Chitrangada loves to share traditional Indian recipes. Sometimes, it's okay not to worry about calories.
What Is Shakarpara?
Shakarpara is an Indian sweet that is commonly prepared for weddings and major festivals, such as Diwali and Holi. Crispy, coated with sugar, and perfectly delightful, these delicacies are usually cut into diamond or square shapes.
As part of a traditional Indian wedding, the bride's family and the groom's family exchange sweets. Shakarparas are prepared and packed in attractive, decorative boxes along with other sweets, including laddoos, khaja, boondis, mathri, etc. In addition to the exchange between the two families, the sweets are also distributed to all of the wedding guests. These shared treats are thought to represent blessings to the newly wedded couple.
Popular all over India, this sweet is known by different names depending on the state. Other names include shankarpali, khurma, and meethe shakarpara.
Shakarpara can be prepared well in advance of the special occasion. Properly stored, they will last a long time. Interestingly, spicy and sour versions of this snack also exist, in addition to the sweet version.
“You are what you eat. So, eat more sweets.”
|Prep time||Cook time||Ready in||Yields|
1 hour 30 min
For the dough:
- 3 cups self-raising flour
- 1/2 cup cooking oil
- 1/2 cup water
For the syrup:
- 1/2 to 3/4 cup sugar
- 1/2 cup water
- 2 cups cooking oil, for deep-frying
- Plenty of love, patience, and precision
- In a big bowl, add self-raising flour and 1/2 cup of cooking oil. Mix thoroughly so that the mixture resembles breadcrumbs. (Another way to check that the mixture is ready: When you press it into your hand, it should form into a cohesive lump.)
- Slowly add 1/2 cup water to the flour and oil mixture. Knead the resulting dough. When you press your finger into the dough, it should bounce back.
- Cover the kneaded dough with a muslin cloth and let it rest for 10 to 15 minutes.
- Divide the kneaded dough into 4 portions. Roll it out onto a board until the thickness is less than half an inch.
- Cut the dough into diamond or square shapes.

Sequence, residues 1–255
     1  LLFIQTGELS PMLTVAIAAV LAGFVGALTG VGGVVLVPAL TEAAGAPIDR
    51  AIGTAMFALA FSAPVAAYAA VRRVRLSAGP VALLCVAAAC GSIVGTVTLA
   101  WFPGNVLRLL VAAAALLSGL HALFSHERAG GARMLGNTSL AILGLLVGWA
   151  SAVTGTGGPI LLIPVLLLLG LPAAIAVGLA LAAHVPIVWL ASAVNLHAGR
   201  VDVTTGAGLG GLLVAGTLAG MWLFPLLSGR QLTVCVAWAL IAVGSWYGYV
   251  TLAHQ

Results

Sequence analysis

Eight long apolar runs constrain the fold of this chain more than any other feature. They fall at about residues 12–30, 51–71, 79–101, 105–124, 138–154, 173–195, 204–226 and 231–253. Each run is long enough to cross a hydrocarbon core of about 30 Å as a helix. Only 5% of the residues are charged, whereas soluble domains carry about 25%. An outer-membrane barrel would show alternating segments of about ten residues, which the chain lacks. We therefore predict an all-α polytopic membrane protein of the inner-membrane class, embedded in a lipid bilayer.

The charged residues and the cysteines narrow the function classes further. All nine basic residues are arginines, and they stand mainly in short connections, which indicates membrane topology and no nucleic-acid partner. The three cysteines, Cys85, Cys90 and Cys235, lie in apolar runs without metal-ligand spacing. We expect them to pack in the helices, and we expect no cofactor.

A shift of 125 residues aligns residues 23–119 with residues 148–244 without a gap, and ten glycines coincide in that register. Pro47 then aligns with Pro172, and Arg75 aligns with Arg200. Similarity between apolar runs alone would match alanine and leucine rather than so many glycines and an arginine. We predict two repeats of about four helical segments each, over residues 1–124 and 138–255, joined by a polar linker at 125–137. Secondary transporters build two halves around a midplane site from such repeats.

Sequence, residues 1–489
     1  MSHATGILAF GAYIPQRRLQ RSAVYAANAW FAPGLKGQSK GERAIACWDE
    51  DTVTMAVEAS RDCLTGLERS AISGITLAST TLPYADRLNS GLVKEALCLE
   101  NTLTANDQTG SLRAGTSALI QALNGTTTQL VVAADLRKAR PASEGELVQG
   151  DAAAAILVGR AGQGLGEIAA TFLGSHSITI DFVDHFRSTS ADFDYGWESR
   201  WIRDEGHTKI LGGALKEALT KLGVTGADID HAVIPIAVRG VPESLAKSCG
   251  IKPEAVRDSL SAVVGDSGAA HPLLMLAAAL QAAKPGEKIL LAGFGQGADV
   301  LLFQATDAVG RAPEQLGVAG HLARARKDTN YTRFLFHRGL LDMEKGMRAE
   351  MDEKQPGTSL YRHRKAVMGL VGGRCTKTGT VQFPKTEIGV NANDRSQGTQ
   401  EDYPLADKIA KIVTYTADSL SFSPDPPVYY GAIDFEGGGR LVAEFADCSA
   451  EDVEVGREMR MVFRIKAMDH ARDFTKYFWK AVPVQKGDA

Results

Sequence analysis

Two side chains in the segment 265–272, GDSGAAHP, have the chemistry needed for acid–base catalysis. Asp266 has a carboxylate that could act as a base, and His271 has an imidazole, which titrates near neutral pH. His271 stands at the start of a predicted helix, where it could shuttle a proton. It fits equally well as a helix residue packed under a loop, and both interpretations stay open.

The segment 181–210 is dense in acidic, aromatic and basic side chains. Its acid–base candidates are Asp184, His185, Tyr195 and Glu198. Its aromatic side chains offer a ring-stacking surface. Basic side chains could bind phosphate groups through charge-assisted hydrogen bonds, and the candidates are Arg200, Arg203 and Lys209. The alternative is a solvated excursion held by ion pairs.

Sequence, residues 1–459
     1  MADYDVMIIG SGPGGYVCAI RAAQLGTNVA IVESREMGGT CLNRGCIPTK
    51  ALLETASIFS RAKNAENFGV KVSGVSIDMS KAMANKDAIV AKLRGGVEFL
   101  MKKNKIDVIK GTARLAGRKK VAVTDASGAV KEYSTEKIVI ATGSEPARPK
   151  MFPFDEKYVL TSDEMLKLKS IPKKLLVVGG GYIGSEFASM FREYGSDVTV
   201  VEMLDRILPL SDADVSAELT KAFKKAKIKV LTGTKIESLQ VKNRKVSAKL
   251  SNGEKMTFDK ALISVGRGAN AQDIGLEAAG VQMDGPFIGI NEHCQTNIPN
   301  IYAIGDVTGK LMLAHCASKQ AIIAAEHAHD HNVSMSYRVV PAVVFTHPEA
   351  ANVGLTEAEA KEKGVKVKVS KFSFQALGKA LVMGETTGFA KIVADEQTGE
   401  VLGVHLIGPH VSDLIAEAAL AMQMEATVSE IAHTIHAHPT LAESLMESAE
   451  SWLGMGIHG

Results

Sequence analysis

- Meanwhile, place a heavy-bottomed non-stick pan over low to medium heat. Add 2 cups of oil. A few at a time, gently drop the shakarparas into the oil and deep-fry. Keep turning them so that all sides fry evenly.
- As each batch finishes cooking, transfer them to a bowl. Continue cooking until all of the dough has been deep-fried.
- Place a second heavy-bottomed pan over high heat. Add 1/2 to 3/4 cup of sugar and 1/2 cup of water. Let the syrup come to a boil.
- After 5 to 10 minutes, the syrup should reach a three-string consistency. (You can check for proper consistency by dropping a little syrup in a small bowl of cold water. The sugar should crystallize at the bottom of the bowl.)
- When the syrup is ready, gently drop the shakarparas into the syrup in batches. Turn off the flame, and start turning the shakarparas to thoroughly coat.
- Keep turning the shakarparas until you see the sugar crystallize on the surface. Transfer them to a serving bowl and allow them to cool completely.
- The dough should be firm—not too hard and not too soft. Cover it with a cloth and allow it to rest for at least 15 to 20 minutes before proceeding.
- Deep-frying should occur over low to medium heat; never use high heat. This allows the shakarparas to cook all the way through to their centers.
- Making the sugar syrup requires a lot of precision. For best results, don't hurry the procedure, and make sure you've achieved a three-string consistency in order to properly coat the dough. Don't worry if you don't get it right the first time; practice makes perfect!
- Before storing these sweets in airtight containers, it is important to completely cool them (i.e., bring them down to room temperature).
I hope you will enjoy trying out this recipe. Since it is meant for festivals and weddings, forget about the calories and ENJOY!
“Life is short. Eat your dessert first.”—Author Unknown
“Desserts are the fairy tales of the kitchen. A happily ever after to supper.”—Terri Guillemets.
“Life is short and unpredictable. Eat your dessert first.”—Helen Keller.
A Very Difficult-to-Make Indian Sweet: Soan Papdi
© 2013 Chitrangada Sharan